Paula is available to book as a key note speaker, suitable for many events where an inspirational and motivational topic is required.

Covering her personal story from Artist to Bee Speaker, including her remarkable health recovery from Ehlers Danlos syndrome, Paula shares how sometimes the worst thing that happens becomes the gift that transforms us. Herbs, minerals and honey are all brought together with the bees as Paula has learnt of their absolute connection from which we as humans can learn so much.

Subjects Paula can speak about include;

  • Naturopathic beekeeping
  • Honey, tasting, history and producing
  • Health transformation through bees, herbs and minerals
  • Motivational stories on how our lives can take unexpected turnings
  • Thinking creatively, finding ways to earn a living with a sustainable passion
  • Transitioning your business to be working with the bees in a sustainable way
  • Learnings from the bees, what if what’s killing the bees is also killing us.

Watch Paula’s TEDx Frome interview:

TEDX Frome 

Book Paula for Talk

Paula Carnell

Commissioned writing: Candide Gardening

You can view all the articles I have written for Candide Gardening here.

The Sherborne Times

August 2020 – pg 36-37

February 2020 – pg 42-43

“The winter months are a time of patience where beekeeping is concerned. Weeks of wet and cold weather mean that we’re lucky to catch a glimpse of our bees as reassurance that they are surviving. Despite the darkness inside the hive, the gradually longer daylight hours mean that preparations are beginning for a busy summer ahead.”
Read the full article here

January 2020 – pg 42-43

“During the winter months, it’s common practice to make the most of the shorter days by focusing on planning the year ahead. Using the lessons learnt during the previous year, and noting our missed opportunities, we can make a fresh start in good time before spring kicks off and there is not longer any spare time for preparation!
What can we do to prepare a bee-friendly environment in our gardens? Reports indicate that we’ve lost over 75% of our insects in the last thirty years, and ecological disaster that forces us to take stock of our actions.”
Read the full article here

December 2019 – pg 48-49

“Being busy with bees through the summer months, my time for travel is when my own bees are settled securely in their hives for the winter. Last winter I undertook an adventure in the Himalayas, on a quest to learn more about bees. As I was also turning fifty and celebrating the fact that I was no longer in a wheelchair, I wanted to celebrate whilst literally ‘on top of the world’.
You may be wondering why I chose Bhutan rather than Everest base camp. I has heard about this remote kingdom’s hospitable and friendly inhabitants as well as the ancient traditions with farming and land management.”
Read the full article here

November 2019 – pg 46-47

“My interest in bees and agriculture will raise the awareness of the neonicotinoids along with the global debate on whether of not they are responsible for the decline in insects, in particular bees.
Visiting the global bee conference in Apimondia in Montreal Canada I was very interested to learn that the theme was ‘Working together in agriculture’. ”
Read the full article here

October 2019 – pg 46-47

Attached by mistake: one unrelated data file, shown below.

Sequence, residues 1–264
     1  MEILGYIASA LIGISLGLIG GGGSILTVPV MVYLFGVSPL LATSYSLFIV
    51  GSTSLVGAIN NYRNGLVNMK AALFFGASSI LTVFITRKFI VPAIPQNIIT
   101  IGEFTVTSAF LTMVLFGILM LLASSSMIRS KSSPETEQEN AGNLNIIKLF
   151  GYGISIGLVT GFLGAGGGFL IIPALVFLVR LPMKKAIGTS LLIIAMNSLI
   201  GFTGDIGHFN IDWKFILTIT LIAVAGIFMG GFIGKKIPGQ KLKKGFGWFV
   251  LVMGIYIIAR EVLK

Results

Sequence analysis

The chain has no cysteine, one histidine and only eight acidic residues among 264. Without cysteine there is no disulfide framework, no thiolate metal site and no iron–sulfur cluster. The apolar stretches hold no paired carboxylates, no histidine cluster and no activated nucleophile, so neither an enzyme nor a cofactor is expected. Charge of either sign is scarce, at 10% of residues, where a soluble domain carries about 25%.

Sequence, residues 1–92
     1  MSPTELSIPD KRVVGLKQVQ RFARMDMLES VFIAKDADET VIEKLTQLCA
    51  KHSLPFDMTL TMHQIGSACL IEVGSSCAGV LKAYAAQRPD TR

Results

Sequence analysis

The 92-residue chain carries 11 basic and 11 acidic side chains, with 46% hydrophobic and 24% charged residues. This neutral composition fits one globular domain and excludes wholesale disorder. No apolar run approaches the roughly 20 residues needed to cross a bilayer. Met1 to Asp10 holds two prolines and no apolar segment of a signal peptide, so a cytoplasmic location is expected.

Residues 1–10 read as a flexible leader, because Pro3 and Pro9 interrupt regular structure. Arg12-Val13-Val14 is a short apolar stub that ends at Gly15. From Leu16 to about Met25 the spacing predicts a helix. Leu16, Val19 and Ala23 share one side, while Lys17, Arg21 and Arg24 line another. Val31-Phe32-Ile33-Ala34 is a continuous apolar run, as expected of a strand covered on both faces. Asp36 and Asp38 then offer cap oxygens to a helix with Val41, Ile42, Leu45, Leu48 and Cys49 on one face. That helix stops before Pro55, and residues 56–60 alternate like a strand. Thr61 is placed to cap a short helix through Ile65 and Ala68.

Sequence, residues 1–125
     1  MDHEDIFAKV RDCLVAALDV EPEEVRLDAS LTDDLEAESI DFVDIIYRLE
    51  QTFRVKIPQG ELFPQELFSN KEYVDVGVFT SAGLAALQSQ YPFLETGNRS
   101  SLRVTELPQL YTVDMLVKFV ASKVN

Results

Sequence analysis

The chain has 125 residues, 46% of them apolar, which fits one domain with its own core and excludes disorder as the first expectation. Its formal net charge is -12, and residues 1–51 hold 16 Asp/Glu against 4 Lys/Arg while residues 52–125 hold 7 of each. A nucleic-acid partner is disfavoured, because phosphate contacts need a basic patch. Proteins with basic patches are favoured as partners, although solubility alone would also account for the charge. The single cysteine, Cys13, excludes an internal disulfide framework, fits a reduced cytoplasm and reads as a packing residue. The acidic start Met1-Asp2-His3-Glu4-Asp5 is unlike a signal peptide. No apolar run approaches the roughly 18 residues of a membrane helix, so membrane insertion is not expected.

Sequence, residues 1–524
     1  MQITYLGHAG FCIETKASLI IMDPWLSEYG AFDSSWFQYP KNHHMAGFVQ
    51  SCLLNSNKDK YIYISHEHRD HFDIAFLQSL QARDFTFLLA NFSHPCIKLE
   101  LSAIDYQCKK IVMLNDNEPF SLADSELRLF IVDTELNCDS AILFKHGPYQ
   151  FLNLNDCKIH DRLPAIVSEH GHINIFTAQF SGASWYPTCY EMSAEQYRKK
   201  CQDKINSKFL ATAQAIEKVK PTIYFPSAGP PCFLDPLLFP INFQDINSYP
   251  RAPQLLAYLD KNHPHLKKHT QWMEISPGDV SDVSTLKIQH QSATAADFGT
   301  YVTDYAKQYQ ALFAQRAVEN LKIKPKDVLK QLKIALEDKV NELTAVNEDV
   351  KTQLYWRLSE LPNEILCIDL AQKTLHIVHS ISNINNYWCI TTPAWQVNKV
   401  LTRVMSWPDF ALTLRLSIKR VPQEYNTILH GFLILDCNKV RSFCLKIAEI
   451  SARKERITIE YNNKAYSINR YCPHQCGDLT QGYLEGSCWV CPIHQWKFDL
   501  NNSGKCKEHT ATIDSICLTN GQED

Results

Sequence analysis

“During harvest-time we give thanks for the abundance of goodness we have collected from our endeavours.
The most common harvest from bees is honey, however humans also take other power-packed goodness made by bees. Pollen is collected throughout the spring and summer season, in ‘little and often’ bursts so as not to be detrimental to the bees. A specially made guard is positioned in front of the hive with narrow entrance holes. As the bees squeeze through the holes with their pollen baskets laden, excess ‘baggage’ is scraped off and collected in a tray beneath the hive.”
Read the full article here

September 2019 – pg 48-49

“For thousands of years, bee-keeping has mostly been about taking honey. Thankfully, there’s a growing trend towards a more bee-centred, natural way of keeping bees. When I had my first hive and my mentor helped me through the early years, I was delighted as well as flabbergasted to find we could extract 140lb of delicious honey from a single hive. We bottled the liquid gold and shared it equally between us: seventy jars to share with my family and friends, sell and use to maintain my hay fever-free family.
It was after that excitement, during my next mentoring session, that a large pack of sugar fondant was unwrapped and given to my bees.”
Read the full article here

August 2019 – pg 28-29

“In my former life as an artist, I became interested in energetic vibrations. This wasn’t some kind of trance dancing, but an interest in the frequency of all things. I used to paint flowers, large “in your face” blooms, on a fine silk. People often commented on the vibrancy of colour and ‘vitality’ in my work. Thinking of how I grew the plants I painted, picked the chosen bloom and then painted it with my right hand whilst holding it in my left, I began to wonder if somehow the life of the flower could be transferred through me onto the silk.”
Read the full article here

July 2019 – pg 28-29

“‘Save the Bees’ is a mantra that seems to have been chanted for far too long, and with what results? Admittedly, research into bees has increased, or at least the publication of those results. More of the public and non-beekeepers are noticing bees in their gardens, offering the tired and thirsty ones sugar water and maybe keeping a corner of wild plants in an otherwise manicured and chemically treated garden.”
Read the full article here

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